Living rural in the city is hip and urban – and you can, too.

Category: Arts, Crafts, and DIY (page 1 of 3)

DIY: easy Acopian Bird Savers for apartment dwellers and 2nd floor windows

Acopian Bird Savers are a relatively inconspicuous (visible, but not unsightly) way to prevent bird crashes, guaranteed. They’re a light curtain of strings that wave in the wind, in front of your windows – so birds don’t mistake them for trees or sky.

They have a Build-Your-Own tutorial on their website; if you need a more custom solution or just want the materials done right from the get-go, you can order it from them online.

It’s fairly easy apply decals and UV liquid (remember, only useful for some bird species, not all!) by leaning outside and doing it, but the real fix — Feather Friendly — requires access and time to apply it properly. Feather Friendly is probably the most effective solution out there, and it’s meant to last. It’s easy to apply when you live on the ground floor, but not so easy at higher floors. But higher floors still need effective protection.

That means many apartment dwellers and homeowners who don’t have access to an extension ladder might find it troublesome to prevent birds from crashing into windows. (And because they don’t notice the crashes, they doubt they occur.)

I wrote this to help people who either have casement windows or modern sash-hung windows where you can tip the window inward in order to clean it. You need to be able to access the top of the frame of the window on the outside. Also, this DIY fix is affordable, and as it’s not a permanent alteration to the dwelling, you don’t need your landlord’s permission to use them.

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New project: build a nest box for bluebirds and chickadees!

It’s been on my todo list for a few weeks to build a couple of bird houses with the scrap wood I have leftover from other projects and so finally I did the job JUST IN TIME for spring migration.

In fact, almost too late – except that some species breed more than once. Those birds who are have been sticking around or arriving earlier already have young, and and some just arriving are getting ready to find a nest box. AND that’s what I’m going to provide!

And so can you. Do it this weekend!

Resource: NestWatch’s All About Birdhouses has everything you need to know about different birdhouses and nest boxes for different types of birds, and also how to set them up with a nest camera!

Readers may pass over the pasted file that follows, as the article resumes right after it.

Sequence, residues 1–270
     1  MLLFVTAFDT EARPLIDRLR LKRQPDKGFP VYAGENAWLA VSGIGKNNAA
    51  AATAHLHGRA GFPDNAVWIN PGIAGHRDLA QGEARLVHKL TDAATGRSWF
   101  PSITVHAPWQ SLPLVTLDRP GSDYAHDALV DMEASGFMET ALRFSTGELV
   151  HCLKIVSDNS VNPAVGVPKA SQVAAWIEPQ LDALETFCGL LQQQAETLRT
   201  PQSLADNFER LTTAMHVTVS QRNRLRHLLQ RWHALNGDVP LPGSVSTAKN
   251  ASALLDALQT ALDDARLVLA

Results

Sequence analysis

Cornell Lab of ornithology

I turned this into a new kind of post called a Portfolio post. I decided it was a nice way to do it with a picture gallery, and I could create a series of DIY projects that way. Go check it out. It’s called “Using Old Wood To Build A Birdhouse.

Leave a comment if you do get this project under way / done. I’d love to see the results!

#ThrowBackThursday: a creative display of random collected objects

Spring is in the air, the first migrating birds (red-winged blackbirds!) have reportedly arrived, and I’ve been remiss in giving you interesting things to read over the winter months. But take heart! I’ve been reconsidering the writing and content I’ve put forth over the years in different places, to collect what’s worth your time, and what’s still inspiring to me.

In fact, thinking of old pics and posts as “content” at all was a change in perspective for me. A few times I thought “but didn’t I share it on my blog?” Nope, oftentimes I did not – we often under-appreciate our shares and creations, unless they go viral. And one of the things I thought reshare-worthy was something I did three years ago.

This was a case – I bet you have a case too! – of having a collection of random objects you don’t know what to do with, but can’t let go. Many of mine are rusty, some of them farm-related, some not – and I had no place but a shelf in a closet and a box in my garage for them. Until I suddenly had a lightbulb about it. They’re now what I call my…

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My quilting-from-scraps project

In 2011, when I lived at the cottage on Sand Lake,  I started reading up on patchwork and cutting up blocks of cloth to make a queen-sized quilt for my bed. Ever since, usually over the winter months, I put in a few hours here and there stitching it together. It’s made from honest-to-goodness scraps made by my adorable pets: non-reparable, almost-unforgivable holes in various sheets sets and a duvet cover. There was nothing to do but quilt them. Though I did make a hot plate pad out of turning scrappy cloth into “yarn” and then knitting it. That was hard on my hands – the knitting was tougher work than with wool.

So I turned the scraps into a pattern and stitched it all together. As soon as I had the top layer and found a bottom piece to match, I ordered a wool batt from Cedarview Farms in southwestern Ontario. I’ve “bagged” it, though it won’t be a complete bag where all seams are sewn, like a duvet or sleeping bag; instead I might need to create borders on two sides. As my theme is a windmill, I’ll use the border called “Flying Geese.”

I’m getting ready to start quilting it. This is where the handy book The Quilting Bible, and a website called Quilting Made Easy, come in handy. I have a quilting wheel I inherited from my grandmother, which I can use to perforate the copies of the stitching patterns I’ll use. Then, one rubs coloured chalk into the pattern to transfer it to the area for stitching.

Thanks to the help of the ladies in the Westmount Quilter’s Guild, I’ve tacked the quilt. I’ve partly quilted it too, along the seams, and as soon as that’s done, I will finally be able to quilt it by machine. I’m looking for a long-arm sewing machine, because it’s going to be hard to feed a queen-sized quilt through any other kind.

I’ll show pictures when I’ve made more progress. It’s been six years since I started it. The going is very, very slow.

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